Navigating Debt Recovery in the UAE: Insights on Leveraging Commercial Licenses as Attachable Assets

Debt Recovery is a critical aspect of financial transactions, crucial for individuals and businesses alike; hence efficient recovery of unpaid debts is vital for maintaining financial security.  The recent judgment by the General Assembly of the Dubai Court of Cassation in Cassation No. 1 of 2024 issued on 31 January 2024 (the “General Assembly Judgment”), has expanded the options of attachable assets in relation to debt recovery. Before discussing the nuances of this judgment, let us look into the framework of debt recovery in the UAE.

 

I. Legal Framework of Debt Recovery in the UAE

Debt recovery in the UAE is governed by a set of laws, rules and regulations. However, the primary laws addressing debt recovery are the UAE Civil Transactions Law (Federal Law No. 5 of 1985) and the UAE Commercial Transactions Law (Federal Law No. 50 of 2022). Additionally, other laws dealing with debt recovery and restructuring include Federal Decree-Law No. (51) of 2023 promulgating the new Financial and Bankruptcy Law.

 

II. Key Laws Governing Debt Recovery in the UAE:

  • Federal Decree Law No. (5) of 1985 Promulgating Civil Transactions Law: This law (as amended) provides the legal framework for debt collection in the UAE, outlining the rights and obligations of creditors and debtors and providing legal remedies for debt collection.
  • Federal Decree Law No. (50) of 2022 Promulgating UAE Commercial Transactions Law: Governs the collection of commercial debts and provides additional legal remedies for debt collection.
  • Federal Decree Law No. (31) of 2021 Promulgating the Crimes and Penalties Law: Provides criminal penalties for debtors who fail to pay their debts or provide false information to creditors.
  • Federal Decree-Law No. (51) of 2023 Promulgating the UAE Financial and Bankruptcy Law: Aims to reserve the rights of creditors and assist the debtor in settling its debts with its creditors.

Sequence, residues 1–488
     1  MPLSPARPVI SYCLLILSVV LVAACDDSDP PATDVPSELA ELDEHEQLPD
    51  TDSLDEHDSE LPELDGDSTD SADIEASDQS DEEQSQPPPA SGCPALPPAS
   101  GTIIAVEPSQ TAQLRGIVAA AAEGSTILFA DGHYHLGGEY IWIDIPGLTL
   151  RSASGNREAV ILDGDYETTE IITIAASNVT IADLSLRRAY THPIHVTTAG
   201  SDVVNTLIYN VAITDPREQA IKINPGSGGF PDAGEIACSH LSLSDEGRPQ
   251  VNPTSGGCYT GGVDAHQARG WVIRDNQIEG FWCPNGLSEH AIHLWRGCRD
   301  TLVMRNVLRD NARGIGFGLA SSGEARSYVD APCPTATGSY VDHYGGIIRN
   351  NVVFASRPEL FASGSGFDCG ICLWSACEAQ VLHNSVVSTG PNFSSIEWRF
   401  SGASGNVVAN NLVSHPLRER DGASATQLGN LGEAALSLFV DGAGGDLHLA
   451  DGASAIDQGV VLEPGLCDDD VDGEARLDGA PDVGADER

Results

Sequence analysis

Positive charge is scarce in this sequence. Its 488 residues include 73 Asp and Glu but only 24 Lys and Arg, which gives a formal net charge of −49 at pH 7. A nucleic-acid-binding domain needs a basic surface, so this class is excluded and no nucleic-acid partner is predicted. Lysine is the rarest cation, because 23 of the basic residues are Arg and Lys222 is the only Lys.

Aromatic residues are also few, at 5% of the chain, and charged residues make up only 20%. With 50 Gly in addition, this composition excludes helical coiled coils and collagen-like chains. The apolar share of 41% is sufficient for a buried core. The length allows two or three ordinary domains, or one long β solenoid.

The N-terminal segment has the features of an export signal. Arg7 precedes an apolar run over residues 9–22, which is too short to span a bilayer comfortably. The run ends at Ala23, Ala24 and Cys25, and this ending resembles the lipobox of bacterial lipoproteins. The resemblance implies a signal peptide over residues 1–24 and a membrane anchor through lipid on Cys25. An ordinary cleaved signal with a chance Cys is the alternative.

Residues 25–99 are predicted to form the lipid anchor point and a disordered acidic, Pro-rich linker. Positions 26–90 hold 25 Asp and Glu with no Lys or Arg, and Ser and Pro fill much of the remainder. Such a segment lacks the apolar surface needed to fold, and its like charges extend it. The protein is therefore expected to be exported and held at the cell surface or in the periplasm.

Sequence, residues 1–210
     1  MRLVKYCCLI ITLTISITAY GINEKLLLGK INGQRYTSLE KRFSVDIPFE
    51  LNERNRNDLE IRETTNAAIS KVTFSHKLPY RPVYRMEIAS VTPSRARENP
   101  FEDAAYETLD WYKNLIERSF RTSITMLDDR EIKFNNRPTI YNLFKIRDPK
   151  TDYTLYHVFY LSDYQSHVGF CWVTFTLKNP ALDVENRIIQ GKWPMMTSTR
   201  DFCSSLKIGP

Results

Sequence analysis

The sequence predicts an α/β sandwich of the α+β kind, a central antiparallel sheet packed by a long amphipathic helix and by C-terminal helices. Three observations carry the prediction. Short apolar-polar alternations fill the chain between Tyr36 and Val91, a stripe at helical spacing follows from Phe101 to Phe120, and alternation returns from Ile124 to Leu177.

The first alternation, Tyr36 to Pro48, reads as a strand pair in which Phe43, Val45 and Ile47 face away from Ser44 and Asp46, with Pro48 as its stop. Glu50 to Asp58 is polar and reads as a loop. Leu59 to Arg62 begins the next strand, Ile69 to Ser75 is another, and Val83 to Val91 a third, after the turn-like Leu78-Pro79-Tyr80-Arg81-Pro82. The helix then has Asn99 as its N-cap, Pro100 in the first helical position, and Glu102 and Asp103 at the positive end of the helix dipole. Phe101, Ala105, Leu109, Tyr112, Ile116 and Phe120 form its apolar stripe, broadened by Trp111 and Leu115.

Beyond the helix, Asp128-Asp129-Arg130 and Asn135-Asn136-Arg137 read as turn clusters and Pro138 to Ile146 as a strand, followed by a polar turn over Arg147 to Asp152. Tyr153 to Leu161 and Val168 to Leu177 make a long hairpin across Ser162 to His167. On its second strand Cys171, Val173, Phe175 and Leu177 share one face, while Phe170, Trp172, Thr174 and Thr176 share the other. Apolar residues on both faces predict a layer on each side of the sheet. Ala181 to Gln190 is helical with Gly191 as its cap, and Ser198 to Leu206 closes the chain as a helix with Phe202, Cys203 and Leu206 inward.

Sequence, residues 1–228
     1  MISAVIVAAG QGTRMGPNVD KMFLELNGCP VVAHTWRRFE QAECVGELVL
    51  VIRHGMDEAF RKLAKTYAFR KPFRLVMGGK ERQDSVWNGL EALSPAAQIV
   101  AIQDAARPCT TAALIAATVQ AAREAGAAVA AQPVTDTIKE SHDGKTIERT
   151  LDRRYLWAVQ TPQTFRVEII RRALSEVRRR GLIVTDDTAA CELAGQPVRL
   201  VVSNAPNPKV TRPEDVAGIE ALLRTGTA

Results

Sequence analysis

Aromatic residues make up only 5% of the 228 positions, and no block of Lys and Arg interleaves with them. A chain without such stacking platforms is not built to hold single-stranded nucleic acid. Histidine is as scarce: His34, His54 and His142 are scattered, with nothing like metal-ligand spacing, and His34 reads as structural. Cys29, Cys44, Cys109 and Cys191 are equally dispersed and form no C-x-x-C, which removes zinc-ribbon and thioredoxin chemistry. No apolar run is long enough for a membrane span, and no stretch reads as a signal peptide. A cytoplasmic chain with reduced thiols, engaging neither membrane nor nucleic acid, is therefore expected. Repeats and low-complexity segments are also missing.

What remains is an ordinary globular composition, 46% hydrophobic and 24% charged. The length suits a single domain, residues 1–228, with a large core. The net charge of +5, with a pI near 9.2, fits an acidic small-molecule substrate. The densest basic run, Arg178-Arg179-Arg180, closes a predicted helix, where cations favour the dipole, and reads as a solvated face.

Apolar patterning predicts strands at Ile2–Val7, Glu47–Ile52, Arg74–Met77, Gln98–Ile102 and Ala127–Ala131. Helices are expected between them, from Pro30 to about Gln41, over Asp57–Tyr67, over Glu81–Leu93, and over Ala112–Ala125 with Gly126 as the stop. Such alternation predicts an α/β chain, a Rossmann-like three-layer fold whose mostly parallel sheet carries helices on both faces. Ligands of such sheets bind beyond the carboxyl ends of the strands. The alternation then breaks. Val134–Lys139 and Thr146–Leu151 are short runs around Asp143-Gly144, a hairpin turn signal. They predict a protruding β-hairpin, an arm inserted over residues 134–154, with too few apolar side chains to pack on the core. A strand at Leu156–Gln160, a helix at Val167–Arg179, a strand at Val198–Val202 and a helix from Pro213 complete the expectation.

• UAE Central Bank regulations: The Central Bank of the UAE has issued several regulations and guidelines related to debt collection practices, including regulations on debt collection agencies, fair debt collection practices, and the use of credit reporting agencies.
  • UAE Ministry of Economy regulations: The Ministry of Economy has also issued regulations related to debt recovery, including guidelines on the use of electronic payment systems and the resolution of disputes between creditors and debtors.

 

III. Implications of the General Assembly Judgment:

The General Assembly Judgment, in alignment with the UAE Civil Transactions Law and Federal Decree-Law No. (42) of 2022 promulgating the Civil Procedure Code (“CPC”), emphasizes that all of a debtor’s property serves as security for their obligations, unless exempted under Article 242 of CPC or another special law.

This landmark ruling establishes that a company’s commercial license and intangible assets contribute significantly to its overall value and can be materially assessed, and therefore can be the object of a lien, unless they are non-transactional by nature or by operation of law.

This is a significant departure from the previous legal interpretation set by Cassation No. 122 of 2018 (Real Estate), which viewed commercial licenses as non-transferable personal authorizations without inherent value beyond the individual holder, rendering them ineligible as security.

This shift is advantageous for creditors, as the ability to attach a company’s commercial license and intangible assets adds substantial pressure on debtors to settle their debts. Overall, this judgment enhances the insolvency legal framework of the UAE, providing a more robust and creditor-friendly environment.

 

IV. Conclusion

The strategic use of commercial licenses as attachable assets in debt recovery can be a potent tool for creditors. However, it is essential for individuals and businesses to grasp the legal framework and ramifications of such actions when navigating the debt recovery process in the UAE.

 

 

Disclaimer

This publication does not provide any legal advice and it is for information purposes only. You should not rely upon the material or information in this publication as a basis for making any business, legal or other decisions. Therefore, any reliance on such material is strictly at your own risk.

Author: Lien Haroun (Executive Associate) & Thara Kumar

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Executive Associate – Lien Haroun

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Executive Associate – Lien Haroun

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